'About Alice': Theater Review

Courtesy of Henry Grossman
Carrie Paff and Jeffrey Bean in 'About Alice'
A droll and moving theatrical love letter.
2/3/2019

Author-humorist Calvin Trillin adapts his best-selling 2006 memoir about his relationship with his late wife in this off-Broadway world premiere.

If you've seen author and humorist Calvin Trillin in one of his many television appearances over the years, you know he doesn't cut a dashing figure. Balding and unprepossessing, he speaks in a flat monotone; attempting to discern the minutest change in his facial expression is a fruitless task. And yet, as played by actor Jeffrey Bean in Trillin's new play based on his memoir About Alice, he's the most romantic figure currently to be seen on a New York stage.

Published in 2006, the memoir is an unabashed love letter from Trillin to his wife, who passed away six years earlier. She had often been a prominent figure in his comic writings, but this book about their 36-year marriage inevitably was a much more emotive affair. Alice was diagnosed with lung cancer in 1976 but survived despite daunting odds. She lived another 25 years, dying not from the disease but rather from the damage to her heart caused by the extensive radiation treatments she had endured years earlier.

It would be easy to assume that the piece, representing Trillin's first full-length play (he's performed occasional one-man shows), would be a maudlin affair. Far from it. Instead, it's a humorous, sweetly touching account of the couple's relationship that revolves around one main theme: Trillin really, really adored his wife, who he admits was way out of his league. He ascribes his having managed to get her to fall in love with him as "pure dumb luck."

Embodying such a seemingly perfect woman, not to mention one who, according to Trillin, was widely renowned for her beauty, is a daunting assignment. Fortunately, Carrie Paff is up to the task, infusing her portrayal with elegance and charm to spare. If her too-frequent costume changes make the character seem more like a fashion model than, as the show's program describes her, an "educator, author, film producer, activist and longtime muse of her husband," Peff is so irresistible that not falling in love with her doesn't seem an option. Bean is equally terrific, delivering Trillin's droll one-liners in perfect deadpan fashion and allowing just enough emotion to seep into his controlled performance.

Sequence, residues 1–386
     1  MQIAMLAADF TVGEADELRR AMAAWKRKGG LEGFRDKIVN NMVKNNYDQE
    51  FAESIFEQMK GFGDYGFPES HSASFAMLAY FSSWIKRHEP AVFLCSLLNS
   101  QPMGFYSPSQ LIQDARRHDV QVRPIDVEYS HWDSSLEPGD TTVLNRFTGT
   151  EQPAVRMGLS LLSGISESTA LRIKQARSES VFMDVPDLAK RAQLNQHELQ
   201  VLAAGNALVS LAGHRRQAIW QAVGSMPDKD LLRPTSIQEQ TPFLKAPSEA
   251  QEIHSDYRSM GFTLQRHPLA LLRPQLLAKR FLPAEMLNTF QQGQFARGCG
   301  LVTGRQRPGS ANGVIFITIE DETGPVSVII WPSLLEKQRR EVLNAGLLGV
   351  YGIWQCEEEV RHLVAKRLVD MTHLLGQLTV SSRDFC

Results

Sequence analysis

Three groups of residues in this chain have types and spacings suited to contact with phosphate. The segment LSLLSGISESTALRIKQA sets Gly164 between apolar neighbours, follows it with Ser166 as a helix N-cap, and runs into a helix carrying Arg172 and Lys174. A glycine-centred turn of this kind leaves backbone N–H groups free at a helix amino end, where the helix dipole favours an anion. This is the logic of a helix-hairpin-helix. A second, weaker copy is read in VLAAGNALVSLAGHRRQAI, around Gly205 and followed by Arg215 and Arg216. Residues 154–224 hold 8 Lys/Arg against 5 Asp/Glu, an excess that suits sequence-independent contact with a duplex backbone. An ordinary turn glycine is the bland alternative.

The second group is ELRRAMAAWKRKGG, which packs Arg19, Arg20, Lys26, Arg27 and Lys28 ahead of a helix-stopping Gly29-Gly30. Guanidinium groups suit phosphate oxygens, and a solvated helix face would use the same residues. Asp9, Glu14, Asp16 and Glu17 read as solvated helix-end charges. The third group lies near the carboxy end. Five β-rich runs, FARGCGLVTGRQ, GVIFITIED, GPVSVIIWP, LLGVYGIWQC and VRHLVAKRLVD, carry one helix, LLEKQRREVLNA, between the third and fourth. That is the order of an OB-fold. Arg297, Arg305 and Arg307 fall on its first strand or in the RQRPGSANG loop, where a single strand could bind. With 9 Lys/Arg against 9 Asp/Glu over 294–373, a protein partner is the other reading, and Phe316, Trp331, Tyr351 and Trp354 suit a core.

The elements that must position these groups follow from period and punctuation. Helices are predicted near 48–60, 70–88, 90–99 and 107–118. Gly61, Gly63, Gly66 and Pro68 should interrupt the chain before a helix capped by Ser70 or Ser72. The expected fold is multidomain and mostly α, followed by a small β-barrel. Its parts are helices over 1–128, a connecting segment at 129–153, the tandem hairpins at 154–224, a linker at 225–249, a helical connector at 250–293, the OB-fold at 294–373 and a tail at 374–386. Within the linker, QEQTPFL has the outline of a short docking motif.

Commissioned by Theatre for a New Audience, About Alice was originally conceived as a one-person play, a la David Hare's adaptation of another memoir about mourning, Joan Didion's The Year of Magical Thinking. Trillin resisted that idea, and it turned out to be a wise move. It works beautifully as a two-character piece, because it allows Alice to represent herself. Trillin informs us in an author's note that nearly all the words spoken by the character onstage are taken from Alice's essays and letters, essentially making her the play's co-author.

She turns out to have been as witty as her husband. Recalling their first meeting at a party, Alice tells him, "I thought you were very funny. I thought you'd be an interesting person to have to dinner after my boyfriend and I were married." Twisting the comic knife a little further, she adds, "You have never again been as funny as you were that night." Later, faced with the prospect of her looming mortality, Alice counsels her sorrowful husband, "You should find a new wife and try to be happy. Just don't sleep with her."

The play also includes a moving excerpt from a letter she wrote to a friend's 12-year-old boy who was battling the same kind of cancer she had suffered from years earlier. The letter, along with the young boy's reply, was later published as an illustrated children's book.

Despite its brief 75-minute running time, the piece wanders at times. Not every segment proves rewarding, such as the lengthy anecdotes involving an errant car luggage rack and Alice's negotiations with a home contractor. But despite its occasional tedious patches, the play, staged in rewardingly simple fashion by Leonard Foglia, proves deeply affecting. It's a sort of theatrical Taj Mahal, as only this perpetually understated writer could have conceived it.

Venue: Polonsky Shakespeare Center, New York
Cast: Jeffrey Bean, Carrie Paff
Playwright: Calvin Trillin
Director: Leonard Foglia
Set designer: Riccardo Hernandez
Costume designer: David C. Woolard
Lighting designer: Russell H. Champa
Sound designer: Joshua Schmidt
Projection designer: Elaine J. McCarthy
Presented by Theatre for a New Audience